Surf Break Map: Trestles Surf Area
The Trestles Surf area is easily the most consistent surf area in Orange County (or North San Diego County if you are going to be a picky geo-nazi). It is exposed to a whole range of swell directions, it has rights, lefts, points, reefs, sandbars. There are no houses on the beach, which means it has a little peace and quiet (expect for the occasional train going by), and no super-rich property owners having your car towed. You even get a lovely nature walk when you head down the trail to get to the wave.
Trestles is located along the tip of San Mateo Point, which is just south of the City of San Clemente, CA and north of Basilone Rd. It is part of San Onofre State Beach, which in turn used to be a parcel of the Camp Pendleton Marine Base. Trestles gets its name from a series of railroad trestles that span the small pond (lagoon/marsh or whatever they are calling it now) that pools at the end of San Mateo creek.
There are actually several waves in the Trestles area. Each one works better on slightly different mix of swell angles, periods, and sizes. Sand flow and tides also play a big role in the wave quality at each spot.
Besides the plethora (yes El Guapo I know how many are in a plethora) of wave selection at Trestles probably its most important feature is its swell window. Trestles is exposed to a large range of swells. It can take in energy from the SE all the way up through the NW but the key component is that it has an open S-SW swell window. S-SW energy, thanks to the very active and large Southern Ocean, is a pretty consistent swell source throughout the year. Other Southern California surf areas can usually pick up some of the Southern Hemi swell but there are usually some limiting factors, (like blockage from headlands or nearshore islands). Not Trestles…it is pretty much wide open until the swell starts to go past the 220-degree mark.
Access (getting there is half the fun)
Getting to trestles can be a bit of a trek. You have a few options, some of which are better than others depending on things like time constraints and crowds.
1. You can park up around Cristianitos Road and walk down the trail. There is a public parking lot near Carl’s Jr. (and a seriously huge American Flag) along with public parking along parts of the street. You basically get our your gear (it is almost better to deck change at the beach) and hoof it down the trail to the beach. Some people bring bikes with racks (or skateboards) to save some time.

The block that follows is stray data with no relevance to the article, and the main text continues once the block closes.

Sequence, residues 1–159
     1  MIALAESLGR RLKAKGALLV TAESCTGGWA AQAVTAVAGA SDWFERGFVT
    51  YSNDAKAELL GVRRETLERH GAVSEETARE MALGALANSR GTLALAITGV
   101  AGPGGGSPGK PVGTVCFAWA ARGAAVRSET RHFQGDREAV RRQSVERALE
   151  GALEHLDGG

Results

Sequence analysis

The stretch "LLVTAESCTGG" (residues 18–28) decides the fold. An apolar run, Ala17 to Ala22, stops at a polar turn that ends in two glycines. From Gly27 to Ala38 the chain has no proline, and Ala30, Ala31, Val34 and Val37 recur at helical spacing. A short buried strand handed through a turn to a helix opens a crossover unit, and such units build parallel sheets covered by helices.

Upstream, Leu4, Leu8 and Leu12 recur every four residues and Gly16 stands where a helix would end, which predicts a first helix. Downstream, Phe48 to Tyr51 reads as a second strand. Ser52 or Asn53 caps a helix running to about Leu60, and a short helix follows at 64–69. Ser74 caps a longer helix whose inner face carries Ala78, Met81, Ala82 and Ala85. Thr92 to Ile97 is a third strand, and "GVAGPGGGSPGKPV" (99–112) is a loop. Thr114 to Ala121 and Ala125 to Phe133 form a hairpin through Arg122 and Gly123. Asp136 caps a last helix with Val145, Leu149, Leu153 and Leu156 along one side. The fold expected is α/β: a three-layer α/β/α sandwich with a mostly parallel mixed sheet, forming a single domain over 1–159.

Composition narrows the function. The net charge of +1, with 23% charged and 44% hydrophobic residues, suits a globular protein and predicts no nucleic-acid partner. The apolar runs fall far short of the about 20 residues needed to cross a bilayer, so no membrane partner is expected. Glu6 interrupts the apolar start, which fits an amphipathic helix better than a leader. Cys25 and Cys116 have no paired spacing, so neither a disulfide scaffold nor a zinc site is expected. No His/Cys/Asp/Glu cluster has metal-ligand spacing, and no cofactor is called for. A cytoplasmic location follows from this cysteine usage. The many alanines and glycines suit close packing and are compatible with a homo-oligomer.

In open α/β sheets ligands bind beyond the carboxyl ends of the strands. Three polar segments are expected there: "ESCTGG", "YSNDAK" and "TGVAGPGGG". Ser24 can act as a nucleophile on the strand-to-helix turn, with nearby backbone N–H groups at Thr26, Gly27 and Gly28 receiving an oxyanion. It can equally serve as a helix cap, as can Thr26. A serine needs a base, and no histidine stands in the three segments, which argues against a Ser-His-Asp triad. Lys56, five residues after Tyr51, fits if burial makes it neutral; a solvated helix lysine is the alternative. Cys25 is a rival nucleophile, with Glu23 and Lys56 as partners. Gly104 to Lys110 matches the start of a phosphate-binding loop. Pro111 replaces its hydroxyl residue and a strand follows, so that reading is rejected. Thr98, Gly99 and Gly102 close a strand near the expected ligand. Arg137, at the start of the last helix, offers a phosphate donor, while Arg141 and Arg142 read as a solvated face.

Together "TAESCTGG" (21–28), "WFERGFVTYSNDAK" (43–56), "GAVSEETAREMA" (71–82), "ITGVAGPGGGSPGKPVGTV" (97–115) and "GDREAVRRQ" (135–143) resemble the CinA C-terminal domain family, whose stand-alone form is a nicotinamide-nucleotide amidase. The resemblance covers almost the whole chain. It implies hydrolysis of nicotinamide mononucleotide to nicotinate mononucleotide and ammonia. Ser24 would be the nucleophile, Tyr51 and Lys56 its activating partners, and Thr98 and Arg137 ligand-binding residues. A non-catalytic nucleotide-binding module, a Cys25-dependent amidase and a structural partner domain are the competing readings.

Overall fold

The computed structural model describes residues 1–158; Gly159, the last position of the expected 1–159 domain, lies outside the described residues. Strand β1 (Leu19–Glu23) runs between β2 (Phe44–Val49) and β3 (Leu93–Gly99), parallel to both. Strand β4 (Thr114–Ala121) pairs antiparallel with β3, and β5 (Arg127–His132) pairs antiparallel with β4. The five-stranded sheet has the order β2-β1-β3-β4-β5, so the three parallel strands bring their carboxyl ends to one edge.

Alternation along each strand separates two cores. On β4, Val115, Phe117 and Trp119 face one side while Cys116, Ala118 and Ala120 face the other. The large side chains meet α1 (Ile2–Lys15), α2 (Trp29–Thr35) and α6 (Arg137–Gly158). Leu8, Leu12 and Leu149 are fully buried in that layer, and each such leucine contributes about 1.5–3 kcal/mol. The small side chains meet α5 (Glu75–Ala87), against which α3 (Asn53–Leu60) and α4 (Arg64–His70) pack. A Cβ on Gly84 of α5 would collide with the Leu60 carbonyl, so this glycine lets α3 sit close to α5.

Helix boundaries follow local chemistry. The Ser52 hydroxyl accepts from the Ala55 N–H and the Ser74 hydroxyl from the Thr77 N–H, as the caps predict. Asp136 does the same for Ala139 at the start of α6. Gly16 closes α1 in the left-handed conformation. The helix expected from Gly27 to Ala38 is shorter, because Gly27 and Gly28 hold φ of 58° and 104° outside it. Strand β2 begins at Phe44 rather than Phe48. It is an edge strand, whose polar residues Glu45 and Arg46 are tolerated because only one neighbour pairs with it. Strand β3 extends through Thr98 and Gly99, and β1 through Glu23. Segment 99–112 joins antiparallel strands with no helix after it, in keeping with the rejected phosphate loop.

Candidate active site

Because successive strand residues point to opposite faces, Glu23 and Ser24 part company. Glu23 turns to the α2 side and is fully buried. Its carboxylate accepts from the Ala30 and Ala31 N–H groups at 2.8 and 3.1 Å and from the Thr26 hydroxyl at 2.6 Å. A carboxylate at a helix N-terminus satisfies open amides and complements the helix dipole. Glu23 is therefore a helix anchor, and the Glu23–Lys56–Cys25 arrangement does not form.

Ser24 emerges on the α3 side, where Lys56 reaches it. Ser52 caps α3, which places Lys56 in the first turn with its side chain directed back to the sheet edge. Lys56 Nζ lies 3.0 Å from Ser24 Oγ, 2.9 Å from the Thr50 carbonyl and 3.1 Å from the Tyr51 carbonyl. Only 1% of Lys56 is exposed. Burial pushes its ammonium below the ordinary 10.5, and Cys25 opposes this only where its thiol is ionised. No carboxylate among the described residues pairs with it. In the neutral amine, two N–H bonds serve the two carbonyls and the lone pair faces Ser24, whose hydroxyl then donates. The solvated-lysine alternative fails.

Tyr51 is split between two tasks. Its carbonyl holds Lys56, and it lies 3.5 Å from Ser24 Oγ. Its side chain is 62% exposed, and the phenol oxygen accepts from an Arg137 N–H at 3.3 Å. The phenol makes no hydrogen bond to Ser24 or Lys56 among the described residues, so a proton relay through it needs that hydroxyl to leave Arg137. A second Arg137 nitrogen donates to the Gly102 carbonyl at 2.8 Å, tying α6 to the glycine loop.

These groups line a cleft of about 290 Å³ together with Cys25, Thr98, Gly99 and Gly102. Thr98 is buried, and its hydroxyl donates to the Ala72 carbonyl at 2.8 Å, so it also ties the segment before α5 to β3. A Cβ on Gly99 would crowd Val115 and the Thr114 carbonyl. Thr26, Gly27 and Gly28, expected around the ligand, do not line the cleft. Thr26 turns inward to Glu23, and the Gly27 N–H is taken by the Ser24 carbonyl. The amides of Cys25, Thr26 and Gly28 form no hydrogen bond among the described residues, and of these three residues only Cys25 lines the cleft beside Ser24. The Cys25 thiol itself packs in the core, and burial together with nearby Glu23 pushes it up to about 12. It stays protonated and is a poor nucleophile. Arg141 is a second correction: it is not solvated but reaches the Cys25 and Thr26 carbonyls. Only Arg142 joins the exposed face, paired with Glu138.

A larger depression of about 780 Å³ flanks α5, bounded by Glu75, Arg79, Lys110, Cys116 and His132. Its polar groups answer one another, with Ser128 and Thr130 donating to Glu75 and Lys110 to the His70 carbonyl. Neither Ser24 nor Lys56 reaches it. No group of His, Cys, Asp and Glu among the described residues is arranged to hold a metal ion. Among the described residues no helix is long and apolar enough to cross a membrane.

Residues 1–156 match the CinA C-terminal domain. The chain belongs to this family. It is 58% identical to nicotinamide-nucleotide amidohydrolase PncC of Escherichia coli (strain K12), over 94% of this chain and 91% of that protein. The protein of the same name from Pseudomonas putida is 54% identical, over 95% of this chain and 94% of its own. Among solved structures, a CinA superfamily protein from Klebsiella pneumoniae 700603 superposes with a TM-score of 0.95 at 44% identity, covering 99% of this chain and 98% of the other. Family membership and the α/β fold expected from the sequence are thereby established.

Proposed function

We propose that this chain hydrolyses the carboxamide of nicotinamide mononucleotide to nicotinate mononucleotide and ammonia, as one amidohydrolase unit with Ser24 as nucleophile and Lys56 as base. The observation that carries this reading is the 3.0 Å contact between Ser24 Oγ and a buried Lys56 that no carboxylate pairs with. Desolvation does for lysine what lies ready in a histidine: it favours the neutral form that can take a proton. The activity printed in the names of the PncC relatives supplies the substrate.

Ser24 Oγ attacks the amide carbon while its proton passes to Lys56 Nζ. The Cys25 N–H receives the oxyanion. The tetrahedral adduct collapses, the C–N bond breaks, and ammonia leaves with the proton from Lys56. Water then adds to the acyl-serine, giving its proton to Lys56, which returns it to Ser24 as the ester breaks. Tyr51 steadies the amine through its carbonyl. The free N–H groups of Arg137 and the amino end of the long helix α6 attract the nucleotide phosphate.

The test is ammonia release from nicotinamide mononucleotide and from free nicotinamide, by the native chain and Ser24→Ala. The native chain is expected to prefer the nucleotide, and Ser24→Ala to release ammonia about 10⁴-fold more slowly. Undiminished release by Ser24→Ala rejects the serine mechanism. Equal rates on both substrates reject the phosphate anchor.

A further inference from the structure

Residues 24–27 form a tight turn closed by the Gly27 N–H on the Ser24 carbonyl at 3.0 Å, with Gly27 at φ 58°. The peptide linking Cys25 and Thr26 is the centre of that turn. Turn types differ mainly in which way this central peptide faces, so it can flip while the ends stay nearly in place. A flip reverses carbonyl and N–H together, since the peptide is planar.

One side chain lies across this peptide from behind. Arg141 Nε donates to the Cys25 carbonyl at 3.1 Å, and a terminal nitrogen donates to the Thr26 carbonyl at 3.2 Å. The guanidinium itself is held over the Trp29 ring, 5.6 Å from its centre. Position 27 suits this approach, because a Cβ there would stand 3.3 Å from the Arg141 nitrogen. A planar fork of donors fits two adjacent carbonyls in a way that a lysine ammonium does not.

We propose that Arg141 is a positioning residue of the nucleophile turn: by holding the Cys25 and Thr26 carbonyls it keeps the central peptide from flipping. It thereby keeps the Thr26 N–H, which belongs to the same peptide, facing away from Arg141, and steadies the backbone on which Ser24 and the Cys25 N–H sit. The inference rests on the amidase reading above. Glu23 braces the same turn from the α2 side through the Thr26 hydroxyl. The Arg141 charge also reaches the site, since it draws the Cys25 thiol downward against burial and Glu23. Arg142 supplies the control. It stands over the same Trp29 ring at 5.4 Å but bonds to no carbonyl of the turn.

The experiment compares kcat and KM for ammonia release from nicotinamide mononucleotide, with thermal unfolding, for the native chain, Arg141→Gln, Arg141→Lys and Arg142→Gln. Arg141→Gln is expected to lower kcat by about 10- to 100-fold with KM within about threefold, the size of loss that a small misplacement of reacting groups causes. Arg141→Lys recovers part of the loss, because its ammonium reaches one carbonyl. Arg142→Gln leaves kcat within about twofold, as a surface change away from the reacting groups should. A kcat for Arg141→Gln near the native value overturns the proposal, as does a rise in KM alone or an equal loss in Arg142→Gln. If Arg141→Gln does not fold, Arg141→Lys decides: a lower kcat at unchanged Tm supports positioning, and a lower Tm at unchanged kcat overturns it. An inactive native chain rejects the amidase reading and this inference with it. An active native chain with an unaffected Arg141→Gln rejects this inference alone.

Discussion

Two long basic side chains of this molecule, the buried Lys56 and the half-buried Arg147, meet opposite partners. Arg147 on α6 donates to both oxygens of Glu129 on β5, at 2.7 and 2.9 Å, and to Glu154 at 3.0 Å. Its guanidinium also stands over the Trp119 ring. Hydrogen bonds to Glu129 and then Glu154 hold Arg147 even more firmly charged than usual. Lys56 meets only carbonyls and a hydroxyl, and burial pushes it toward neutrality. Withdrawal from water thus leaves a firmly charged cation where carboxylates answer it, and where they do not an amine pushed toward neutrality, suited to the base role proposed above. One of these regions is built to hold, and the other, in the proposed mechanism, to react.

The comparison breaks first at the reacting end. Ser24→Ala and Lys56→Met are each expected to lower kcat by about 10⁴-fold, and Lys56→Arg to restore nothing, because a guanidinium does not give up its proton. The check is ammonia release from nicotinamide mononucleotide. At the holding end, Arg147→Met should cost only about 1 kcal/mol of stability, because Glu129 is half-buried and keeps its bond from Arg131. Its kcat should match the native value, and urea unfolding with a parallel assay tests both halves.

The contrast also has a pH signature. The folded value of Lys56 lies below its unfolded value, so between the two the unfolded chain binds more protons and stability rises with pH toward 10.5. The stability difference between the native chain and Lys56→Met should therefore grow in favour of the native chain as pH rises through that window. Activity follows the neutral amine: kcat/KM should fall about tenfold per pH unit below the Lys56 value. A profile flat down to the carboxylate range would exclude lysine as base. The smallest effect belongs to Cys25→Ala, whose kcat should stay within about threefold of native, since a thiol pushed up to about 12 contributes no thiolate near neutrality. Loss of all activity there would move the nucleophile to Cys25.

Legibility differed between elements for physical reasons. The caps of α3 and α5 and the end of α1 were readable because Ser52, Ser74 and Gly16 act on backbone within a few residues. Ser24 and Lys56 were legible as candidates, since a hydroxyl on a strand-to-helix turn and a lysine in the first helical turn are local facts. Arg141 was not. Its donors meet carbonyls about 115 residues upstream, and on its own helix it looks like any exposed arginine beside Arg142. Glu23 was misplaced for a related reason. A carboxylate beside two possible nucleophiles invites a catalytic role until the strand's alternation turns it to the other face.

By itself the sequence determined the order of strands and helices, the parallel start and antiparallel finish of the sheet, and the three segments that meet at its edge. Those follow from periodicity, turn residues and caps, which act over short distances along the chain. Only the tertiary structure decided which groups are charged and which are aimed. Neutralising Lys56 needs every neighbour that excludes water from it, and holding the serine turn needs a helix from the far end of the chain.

2. You can park at San Onofre State Beach. Head into the park like you are heading to Old Man’s. Park. Then hoof it up the beach to Trestles. It is a long walk but you don’t have to manage a large hill, and as a bonus you pass Church (another surf spot) and can see how it is.
3. You can have someone drop you off at the trailhead right off of Basilone Road freeway exit. Since there is no parking along the road in this area it sort of requires a team effort and a bike. Have your driver drop you off, you carry their boards (unless you had your mom do it…hahaha loser!). Then they go park back at Cristianitos and bike it down the trail. It is a good way to actually get some waves if you are time strapped.
Because Trestles is such a consistent and “quality” wave area it can attract a pretty large crowd. Expect to see nearly wall-to-wall fiberglass when we get a decent SW swell on the weekend. Even weekdays can get pretty frantic during the mornings. Lowers in particular can be brutal…lots of sponsored riders, cameras, and other nonsense when there is a good sized SW swell in the water.
You do see some maneuvering room if we get a solid combo swell mix…it sort of shifts the peaks around at times letting guys on the edges pick off a few more waves. It also improves the quality at the other breaks in the area which can also help to bleed off some of the pack.
There are a couple of big contests down at Trestles along with a couple of smaller ones throughout the year. The guys that hand out the permits for the events are pretty aware of how popular of a surf break the area is so they put limits on the number of events and how many days a contest can take away access from the public. Generally the big events are around April/May and again in September.
Over the last several years there has been an attempt to build a new section of Toll-Road Freeway through some of the inland parts of San Onofre State Park, which, in my opinion, would have tremendously hurt the quality of the park and the waves in the Trestles surf area. Thanks to the hard work and influence of many people, including organizations like The Surfrider Foundation, the costal commission has rejected the lastest plan. I am sure this will be an ongoing battle for years to come…
You can get all of the latest details or help support the “Save Trestles” cause at http://www.surfrider.org/savetrestles/